Thus I have at large shewn first that the Greeks and Latins, as to the Point of Consecration, are irreconcileable. Next that if the Elements be Transubfantiated, the Right is on the Greeks fide, for Christ's words only spoken by a Priest could effect nothing to that purpose. Lastly, that the Prayers both in the Latin and Greek Church used after Christ's words, were meapt by their first Authors or Compofers only in a spiritual Sense, and to a spiritual Ead or Effect: So that both Churches in the grofs Opinion of Tranfubftantiation, by the craft and subtilty of the Devil and Man, have by Degrees departed from their first Love, a plain folemn and spiritual Remembrance of Christ's Passion, to an abfurd jumble of Idolatry and Superstition. These proposed Gifts] The Elements being offer'd on the Prothesis, are

E. p. 23. fanétified, that is, fet a part for divine ase, and are therefore all along called, the Holy Bread and the Holy Cup, and singly, tà ávía, the Holy's. Then Goar. p.684. after the great Entrance when fer on the Holy Table, they are farther San-Codin de offic.

. Etified by Prayer, that these Gifts and spiritual Sacrifices might be acceptable to God, by the good Spirit of his Grace resting upon these proposed Gifts, and upon themselves and all the People. And these proposed Gifts in the Prayer, are a little before called these precious Gifts, and in the Rubrick of the Prayer, divine Gifts, having received feveral Degrees or Measures of Sanctification before. Thus far, i fuppose, all Parties will allow that the Gifts are yet true Bread and Wine: Why then should the Latins think that here, these Gifts propofed, should now after Christ's words signify more then true Bread and Wine still ? They are called just before, Thine of Thine, (as in the Latin Mass, Dona and Data, Gifts and what was Given) and then all along, this Bread and this Cup, so that the Latins must confess, that che Greeks thus far thought thefe Gifts true Bread and Wine fiill. Now thar the primitive Greeks, or Authors of that entire Prayer which follows, did think that after it also, the Gifts (as they are all along called) remain'd fill true Bread and Wine, is plain to me, first by chat Prayer of the Deacon, Remem. P. 25. bring all Saints let us again and again befeech the Lord, for the precious Gifts which are offer'd and fanctified, that our God having received them unto his Intellectual Altar, may send down his divine Grace, &c. The Latins object this very Prayer to the Greeks (for being used by them after their pretended Prayer for making the Bread the Body of Christ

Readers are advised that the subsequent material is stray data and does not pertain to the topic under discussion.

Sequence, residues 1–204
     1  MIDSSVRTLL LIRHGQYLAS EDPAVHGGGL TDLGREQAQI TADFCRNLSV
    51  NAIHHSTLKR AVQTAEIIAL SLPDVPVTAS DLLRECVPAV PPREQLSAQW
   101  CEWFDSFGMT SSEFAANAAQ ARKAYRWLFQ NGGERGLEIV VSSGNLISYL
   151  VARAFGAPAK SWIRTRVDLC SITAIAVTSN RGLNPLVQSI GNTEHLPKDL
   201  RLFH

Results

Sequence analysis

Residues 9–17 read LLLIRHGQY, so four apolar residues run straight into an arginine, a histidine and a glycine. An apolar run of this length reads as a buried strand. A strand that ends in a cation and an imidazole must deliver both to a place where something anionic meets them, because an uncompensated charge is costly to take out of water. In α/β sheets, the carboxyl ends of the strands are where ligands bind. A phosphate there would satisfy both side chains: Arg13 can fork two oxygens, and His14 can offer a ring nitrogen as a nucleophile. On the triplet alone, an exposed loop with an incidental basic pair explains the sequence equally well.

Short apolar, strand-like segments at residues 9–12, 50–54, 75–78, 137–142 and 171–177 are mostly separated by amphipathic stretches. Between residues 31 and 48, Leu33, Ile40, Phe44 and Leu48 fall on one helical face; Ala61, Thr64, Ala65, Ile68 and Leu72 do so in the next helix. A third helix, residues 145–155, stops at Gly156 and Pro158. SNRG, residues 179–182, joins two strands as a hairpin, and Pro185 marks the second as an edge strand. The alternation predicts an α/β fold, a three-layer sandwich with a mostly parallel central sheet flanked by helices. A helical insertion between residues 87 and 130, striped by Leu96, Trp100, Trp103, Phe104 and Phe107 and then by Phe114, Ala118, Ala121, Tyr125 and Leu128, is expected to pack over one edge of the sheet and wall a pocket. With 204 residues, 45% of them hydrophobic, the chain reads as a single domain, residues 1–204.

, as likewise their using the fame Prayer in the Liturgy of the prefančtified Things) that Goar they might the better vivdicate themselves for using their Prayers (above noted) after Christ's words, and both of them thus Cavilling with one another about this Point make me conclude them both in the wrong. Arcudius offers thus

to p. 288. a.

Goar. p. 155. 190.

P.124.

Goar. p. 79

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3. C. 33,

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P. 94. b.